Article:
Minnesota has forgotten its roots when it comes to environmental permitting

This state has never been, and is not today, metro-centric. In fact, most of our big companies originally came to Minnesota to develop our abundant natural resources. Today, many of the office jobs in the high-rises of St. Paul, Minneapolis and Duluth directly relate to the jobs of hardworking men and women who are out in the elements every day bringing resources to market.

It seems to us that our state government, in particular our state agencies, are out of touch with this reality. Case in point are the recent developments related to the Sandpiper pipeline project.

Enbridge has been trying to build this petroleum pipeline from the Bakken oil fields of North Dakota to its regional terminal in Superior, Wis. The project is common sense. The oil from the Bakken needs to be moved to market. Building Sandpiper would create thousands of well-paying middle-class construction jobs, bring millions of dollars in much-needed business to rural communities and add millions of tax dollars to rural governments. There is also no disagreement that moving the oil in a pipeline is a safer alternative than moving it via rail cars or trucks.

North Dakota took about a year to study the issue and permit the project, which is a typical timeline for most states. Minnesota is now in year four of permitting with no end in sight. Minnesota state agencies, after intense lobbying by extreme anti-development activists, have recommended delay after delay. The Minnesota Public Utilities Commission, the permitting authority on the project, has followed the advice of state agencies and anti-development extremists every step of the way.

The result of this uncertainty came home to roost earlier this month. Enbridge announced that it had formed a partnership to purchase a pipeline system that would get the Bakken petroleum to market. One of the pipelines Enbridge will purchase is still under construction, and it runs from North Dakota through South Dakota and Iowa to Illinois. This pipeline was permitted in all four states in a year and a half. One thing the pipelines in this system have in common is that none of them travels through Minnesota.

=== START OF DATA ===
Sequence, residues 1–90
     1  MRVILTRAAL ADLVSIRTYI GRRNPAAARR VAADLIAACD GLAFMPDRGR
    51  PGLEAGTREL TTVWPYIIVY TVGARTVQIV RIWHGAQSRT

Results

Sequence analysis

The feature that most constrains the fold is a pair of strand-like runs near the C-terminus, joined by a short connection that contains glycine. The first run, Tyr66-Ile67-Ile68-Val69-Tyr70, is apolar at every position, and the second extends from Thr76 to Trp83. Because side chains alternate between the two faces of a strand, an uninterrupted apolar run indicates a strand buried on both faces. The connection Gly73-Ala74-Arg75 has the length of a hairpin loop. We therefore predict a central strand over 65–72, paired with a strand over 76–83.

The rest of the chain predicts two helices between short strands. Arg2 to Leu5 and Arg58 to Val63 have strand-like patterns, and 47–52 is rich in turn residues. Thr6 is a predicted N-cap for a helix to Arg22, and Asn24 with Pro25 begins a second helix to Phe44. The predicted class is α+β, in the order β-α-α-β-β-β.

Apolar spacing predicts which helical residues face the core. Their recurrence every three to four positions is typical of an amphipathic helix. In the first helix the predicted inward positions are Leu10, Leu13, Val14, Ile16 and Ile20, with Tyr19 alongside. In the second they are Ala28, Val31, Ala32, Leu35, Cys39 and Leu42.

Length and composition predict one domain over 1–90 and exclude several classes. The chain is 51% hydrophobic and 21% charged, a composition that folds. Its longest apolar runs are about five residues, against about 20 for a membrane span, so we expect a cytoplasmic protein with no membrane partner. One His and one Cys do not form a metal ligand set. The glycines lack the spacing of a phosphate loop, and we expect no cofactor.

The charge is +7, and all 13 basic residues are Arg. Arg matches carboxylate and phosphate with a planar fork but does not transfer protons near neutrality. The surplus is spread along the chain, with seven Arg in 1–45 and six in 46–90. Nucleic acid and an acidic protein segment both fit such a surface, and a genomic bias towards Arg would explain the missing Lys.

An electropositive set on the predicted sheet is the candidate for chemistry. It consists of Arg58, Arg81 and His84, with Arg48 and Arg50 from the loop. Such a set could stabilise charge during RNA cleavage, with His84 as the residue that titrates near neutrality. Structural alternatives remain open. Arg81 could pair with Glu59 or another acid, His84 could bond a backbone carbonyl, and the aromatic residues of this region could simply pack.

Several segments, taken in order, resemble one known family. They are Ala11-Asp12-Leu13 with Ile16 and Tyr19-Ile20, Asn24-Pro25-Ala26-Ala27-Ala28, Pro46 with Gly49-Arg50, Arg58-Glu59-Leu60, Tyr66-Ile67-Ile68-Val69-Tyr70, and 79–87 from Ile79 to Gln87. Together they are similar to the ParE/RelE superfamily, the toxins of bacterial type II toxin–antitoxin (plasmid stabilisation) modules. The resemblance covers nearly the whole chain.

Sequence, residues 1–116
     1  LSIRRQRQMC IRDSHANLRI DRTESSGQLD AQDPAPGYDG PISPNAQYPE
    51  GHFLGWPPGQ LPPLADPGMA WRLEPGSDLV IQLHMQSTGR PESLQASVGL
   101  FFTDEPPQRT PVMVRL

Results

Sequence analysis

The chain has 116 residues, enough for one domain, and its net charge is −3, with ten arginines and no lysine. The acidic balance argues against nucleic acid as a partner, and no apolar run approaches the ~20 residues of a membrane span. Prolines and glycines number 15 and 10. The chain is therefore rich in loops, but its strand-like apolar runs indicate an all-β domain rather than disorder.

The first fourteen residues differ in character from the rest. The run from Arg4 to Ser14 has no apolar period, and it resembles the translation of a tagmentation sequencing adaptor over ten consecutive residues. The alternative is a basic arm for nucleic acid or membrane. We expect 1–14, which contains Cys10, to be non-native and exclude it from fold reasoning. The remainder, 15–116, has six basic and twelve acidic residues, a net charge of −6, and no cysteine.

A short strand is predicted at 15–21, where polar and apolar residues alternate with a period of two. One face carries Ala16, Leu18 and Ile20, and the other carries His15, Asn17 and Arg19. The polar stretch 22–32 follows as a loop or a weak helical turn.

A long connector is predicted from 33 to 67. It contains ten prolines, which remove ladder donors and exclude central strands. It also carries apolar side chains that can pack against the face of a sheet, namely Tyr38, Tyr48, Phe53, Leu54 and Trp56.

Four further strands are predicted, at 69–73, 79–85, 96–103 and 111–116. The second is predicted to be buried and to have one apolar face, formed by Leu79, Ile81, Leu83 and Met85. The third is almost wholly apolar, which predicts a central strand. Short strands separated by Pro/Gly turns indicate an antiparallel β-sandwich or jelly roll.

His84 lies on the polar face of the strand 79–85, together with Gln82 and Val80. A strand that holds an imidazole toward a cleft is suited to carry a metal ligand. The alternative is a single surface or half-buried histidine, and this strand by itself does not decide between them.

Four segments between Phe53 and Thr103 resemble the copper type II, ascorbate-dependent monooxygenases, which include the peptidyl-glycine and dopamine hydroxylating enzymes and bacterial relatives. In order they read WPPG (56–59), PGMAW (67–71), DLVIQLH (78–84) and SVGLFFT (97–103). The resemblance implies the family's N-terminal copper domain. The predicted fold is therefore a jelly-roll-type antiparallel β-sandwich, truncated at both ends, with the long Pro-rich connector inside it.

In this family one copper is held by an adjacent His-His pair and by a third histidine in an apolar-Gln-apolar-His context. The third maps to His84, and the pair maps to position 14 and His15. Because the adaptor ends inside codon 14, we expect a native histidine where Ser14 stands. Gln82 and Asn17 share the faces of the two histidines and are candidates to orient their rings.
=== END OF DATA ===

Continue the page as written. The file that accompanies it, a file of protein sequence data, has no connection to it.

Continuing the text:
When companies can’t get a reasonable time frame for decisions, they make other plans, since regulatory purgatory creates unacceptable risk for investors. This is the consequence of needless delay and indecision in Minnesota by regulators and state agencies regarding environmental permitting.

Enbridge has not called off the Sandpiper project officially, but there is little doubt that this project is no longer immediately necessary and at minimum will be delayed. Enbridge will not suffer, since the oil will still move to market. Northern Minnesota communities that could have benefited from Sandpiper will do the suffering.

What’s worse, they will watch residents of North Dakota, South Dakota, Iowa and Illinois reap the benefits of Minnesota government inaction.

Pipeline permitting defies common sense in Minnesota today. But the problems aren’t limited to this industry. Ask a farmer, a logger or a miner how things are going when it comes to dealing with state agencies and regulators regarding environmental permitting issues in Minnesota. You will likely hear the same frustrations and see a lot of heads shaking.

One of the first things Gov. Mark Dayton did when he took office in 2011 was sign an executive order to streamline decisions on environmental permits. The rhetoric clearly has not been matched by action. Dayton has said publicly that he supports Sandpiper and other large natural resource projects. He might want to reiterate this support to the employees in his administration and the state agencies who report directly to him.

Permitting infrastructure projects that meet environmental standards shouldn’t be a partisan issue, and this commentary is not meant to spark partisan bickering. It is meant to be a wake-up call, a reminder of the importance of natural-resource-based industries and the thousands of good-middle class jobs, both blue- and white-collar, that are supported by development.

Ultimately, it is a call for common sense to return to our permitting system and for extremism to be rooted out. We hope the leaders of our state are listening.


Jason George, of Apple Valley, is special projects director for the International Union of Operating Engineers Local 49. Matthew Gordon, of Mahnomen, Minn., is vice president of Gordon Construction. Joan Lee, of McIntosh, Minn., is a Polk County commissioner.